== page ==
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Consumer rights reform brings new ADR requirements for businesses

Consumer rights law within the EU is currently under reform. As part of this, the obligations placed on businesses regarding consumer dispute resolution have recently been changed. 

These changes were brought about by the European Directive on alternative dispute resolution (the ADR Directive) and the European Regulation on online dispute resolution for commercial disputes (the ODR Regulation). They will affect all businesses selling goods and services or digital content to consumers within the UK, with the exception of health professionals.

Below we set out what’s changing, what the impact will be and how retailers can ensure they comply. 

Application of the ODR Regulation and ADR Directive

The ODR Regulation is directly applicable within the UK and applies to online sales and services arising within the EU.

The ADR Directive has been recently implemented through a number of UK regulations. 

The majority of requirements imposed by the ODR Regulation and the UK regulations came into force on 9 July 2015. This is with the exception of some business information requirements which will take effect on 1 October 2015 and in January 2016. 

What’s changed?

The changes make alternative dispute resolution (ADR) more readily available to consumers. This gives them a greater opportunity to settle disputes outside of court. 

Under the new regulations, certified ADR providers were made accessible to all businesses selling goods and services to consumers within each sector from 9 July 2015.

The regulations do not make it mandatory for traders to participate in ADR. But, they do mean that, from 1 October 2015, most businesses offering goods and services directly to customers will need to provide consumers with certain information relating to ADR. Businesses will be required to:

  • direct consumers to certified ADR providers where disputes cannot be resolved in-house; and
  • provide confirmation of whether they intend to use that ADR provider as a means of resolving the dispute.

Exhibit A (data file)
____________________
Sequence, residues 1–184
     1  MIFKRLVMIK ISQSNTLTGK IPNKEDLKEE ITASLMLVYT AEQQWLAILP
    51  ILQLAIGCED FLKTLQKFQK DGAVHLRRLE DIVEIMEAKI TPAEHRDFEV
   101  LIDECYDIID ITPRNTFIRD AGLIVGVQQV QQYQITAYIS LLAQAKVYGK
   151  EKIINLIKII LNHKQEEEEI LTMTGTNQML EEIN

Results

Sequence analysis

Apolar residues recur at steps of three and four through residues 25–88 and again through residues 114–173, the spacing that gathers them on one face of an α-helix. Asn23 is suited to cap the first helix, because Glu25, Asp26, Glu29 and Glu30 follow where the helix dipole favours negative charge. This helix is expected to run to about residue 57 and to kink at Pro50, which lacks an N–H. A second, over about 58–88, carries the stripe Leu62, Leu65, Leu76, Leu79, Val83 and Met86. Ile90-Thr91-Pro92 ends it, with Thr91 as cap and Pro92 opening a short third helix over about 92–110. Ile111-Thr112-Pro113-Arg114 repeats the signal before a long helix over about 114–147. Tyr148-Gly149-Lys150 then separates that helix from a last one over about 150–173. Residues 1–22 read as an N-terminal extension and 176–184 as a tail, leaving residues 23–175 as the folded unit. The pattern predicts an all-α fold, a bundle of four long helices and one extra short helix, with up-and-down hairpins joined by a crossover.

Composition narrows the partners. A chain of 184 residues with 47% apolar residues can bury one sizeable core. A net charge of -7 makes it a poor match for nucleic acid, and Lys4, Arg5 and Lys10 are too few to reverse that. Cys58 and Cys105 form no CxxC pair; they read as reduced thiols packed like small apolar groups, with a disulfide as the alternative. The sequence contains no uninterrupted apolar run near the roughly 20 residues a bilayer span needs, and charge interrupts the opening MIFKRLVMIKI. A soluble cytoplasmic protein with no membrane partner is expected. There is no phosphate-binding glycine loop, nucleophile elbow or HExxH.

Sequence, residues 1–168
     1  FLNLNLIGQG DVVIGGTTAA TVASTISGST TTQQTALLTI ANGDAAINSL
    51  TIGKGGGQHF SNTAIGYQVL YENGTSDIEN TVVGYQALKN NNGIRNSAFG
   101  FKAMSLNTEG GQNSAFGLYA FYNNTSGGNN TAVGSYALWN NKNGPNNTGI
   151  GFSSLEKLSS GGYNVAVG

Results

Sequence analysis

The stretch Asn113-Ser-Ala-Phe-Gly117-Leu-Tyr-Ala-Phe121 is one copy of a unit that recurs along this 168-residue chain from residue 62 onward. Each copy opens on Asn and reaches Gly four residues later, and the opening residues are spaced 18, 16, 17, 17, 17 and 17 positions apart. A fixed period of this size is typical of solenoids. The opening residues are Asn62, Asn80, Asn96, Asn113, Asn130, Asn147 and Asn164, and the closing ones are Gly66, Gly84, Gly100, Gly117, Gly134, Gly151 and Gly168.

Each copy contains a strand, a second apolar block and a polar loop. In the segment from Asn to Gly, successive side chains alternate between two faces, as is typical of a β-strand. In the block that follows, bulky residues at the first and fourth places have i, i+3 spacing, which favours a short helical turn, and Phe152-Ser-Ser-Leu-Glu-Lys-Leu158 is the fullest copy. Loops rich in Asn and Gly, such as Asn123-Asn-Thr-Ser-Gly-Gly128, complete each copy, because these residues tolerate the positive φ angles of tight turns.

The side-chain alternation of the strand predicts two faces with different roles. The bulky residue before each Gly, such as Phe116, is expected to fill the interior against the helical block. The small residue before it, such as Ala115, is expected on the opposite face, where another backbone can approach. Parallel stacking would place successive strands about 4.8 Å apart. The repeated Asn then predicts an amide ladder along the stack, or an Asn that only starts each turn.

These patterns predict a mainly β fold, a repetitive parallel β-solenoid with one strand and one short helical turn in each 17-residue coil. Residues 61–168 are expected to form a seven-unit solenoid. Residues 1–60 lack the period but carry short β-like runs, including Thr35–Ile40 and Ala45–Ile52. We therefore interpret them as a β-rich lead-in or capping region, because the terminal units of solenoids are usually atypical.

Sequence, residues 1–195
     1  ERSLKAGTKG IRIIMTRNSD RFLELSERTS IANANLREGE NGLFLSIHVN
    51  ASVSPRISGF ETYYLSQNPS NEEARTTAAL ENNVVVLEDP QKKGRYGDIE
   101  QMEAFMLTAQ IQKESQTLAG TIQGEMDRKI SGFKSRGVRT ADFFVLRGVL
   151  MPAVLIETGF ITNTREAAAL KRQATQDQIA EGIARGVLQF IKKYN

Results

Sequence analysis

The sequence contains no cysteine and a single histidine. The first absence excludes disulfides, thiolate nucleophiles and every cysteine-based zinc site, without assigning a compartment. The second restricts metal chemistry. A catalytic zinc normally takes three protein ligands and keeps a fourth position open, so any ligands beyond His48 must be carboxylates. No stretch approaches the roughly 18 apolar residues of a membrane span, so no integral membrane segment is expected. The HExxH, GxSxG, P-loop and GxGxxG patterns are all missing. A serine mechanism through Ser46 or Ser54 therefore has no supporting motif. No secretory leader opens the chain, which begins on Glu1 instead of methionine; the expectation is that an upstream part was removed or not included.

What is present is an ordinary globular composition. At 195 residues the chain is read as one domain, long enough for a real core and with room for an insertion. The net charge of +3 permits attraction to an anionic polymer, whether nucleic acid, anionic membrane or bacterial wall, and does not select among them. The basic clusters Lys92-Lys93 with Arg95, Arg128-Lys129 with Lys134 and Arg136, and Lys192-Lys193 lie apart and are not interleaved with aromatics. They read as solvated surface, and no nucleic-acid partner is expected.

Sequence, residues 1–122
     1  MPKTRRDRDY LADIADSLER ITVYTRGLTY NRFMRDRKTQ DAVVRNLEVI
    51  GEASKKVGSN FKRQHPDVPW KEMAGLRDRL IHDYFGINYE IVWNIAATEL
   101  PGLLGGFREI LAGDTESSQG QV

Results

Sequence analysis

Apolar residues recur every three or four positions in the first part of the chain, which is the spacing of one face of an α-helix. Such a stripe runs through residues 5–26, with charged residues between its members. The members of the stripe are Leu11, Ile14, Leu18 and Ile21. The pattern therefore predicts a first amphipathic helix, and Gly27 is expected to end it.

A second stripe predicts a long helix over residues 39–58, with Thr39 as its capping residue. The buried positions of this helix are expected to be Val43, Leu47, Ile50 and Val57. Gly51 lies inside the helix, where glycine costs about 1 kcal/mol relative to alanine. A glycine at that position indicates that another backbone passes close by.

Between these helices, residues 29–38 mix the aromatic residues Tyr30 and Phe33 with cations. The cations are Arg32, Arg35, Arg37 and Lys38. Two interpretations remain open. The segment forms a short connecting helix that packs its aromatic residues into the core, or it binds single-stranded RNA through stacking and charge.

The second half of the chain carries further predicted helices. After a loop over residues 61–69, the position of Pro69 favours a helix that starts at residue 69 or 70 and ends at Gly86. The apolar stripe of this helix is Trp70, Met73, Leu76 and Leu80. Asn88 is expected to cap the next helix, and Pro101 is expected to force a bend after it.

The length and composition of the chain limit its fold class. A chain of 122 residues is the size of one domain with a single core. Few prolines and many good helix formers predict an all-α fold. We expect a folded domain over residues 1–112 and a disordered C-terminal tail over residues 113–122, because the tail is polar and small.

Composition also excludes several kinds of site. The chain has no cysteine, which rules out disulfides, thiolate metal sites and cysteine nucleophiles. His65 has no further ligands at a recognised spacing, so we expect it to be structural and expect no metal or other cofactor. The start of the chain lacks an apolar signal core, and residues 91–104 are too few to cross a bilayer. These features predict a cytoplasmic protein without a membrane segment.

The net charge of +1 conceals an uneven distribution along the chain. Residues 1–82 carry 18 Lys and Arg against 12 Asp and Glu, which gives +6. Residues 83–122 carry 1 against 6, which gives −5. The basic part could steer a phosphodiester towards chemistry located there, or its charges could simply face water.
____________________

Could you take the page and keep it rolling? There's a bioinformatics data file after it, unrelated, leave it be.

Online traders must provide this information on their websites. From January 2016, businesses selling goods online will also be required to provide a link on their website to the EU Commission's Online Dispute Resolution Platform. 

What steps should businesses take?

The regulations will be enforced by the Trading Standards Institute which has the power to apply to the court to make an order for compliance. Failure to comply with the court order could result in criminal sanctions.

Businesses likely to be affected by these changes should review the information they provide to consumers in respect of complaints and dispute resolution ahead of the October deadline.

For some businesses, the use of ADR may already be a mandatory requirement, for instance due to a pre-existing statutory requirement or commitment to using ADR. This means that the new information requirements are likely to have little impact. But other businesses will need to decide whether or not they intend to use ADR for disputes that cannot be dealt with internally. Careful consideration will need to be given to the financial implications of committing to ADR and also to the message that this will send to customers.  

If you would like to discuss the implications of the new regulations or require any further advice, please contact Duncan Reed, or any other member of the TLT Regulatory team.

This publication is intended for general guidance and represents our understanding of the relevant law and practice as at August 2015. Specific advice should be sought for specific cases. For more information see our terms & conditions.

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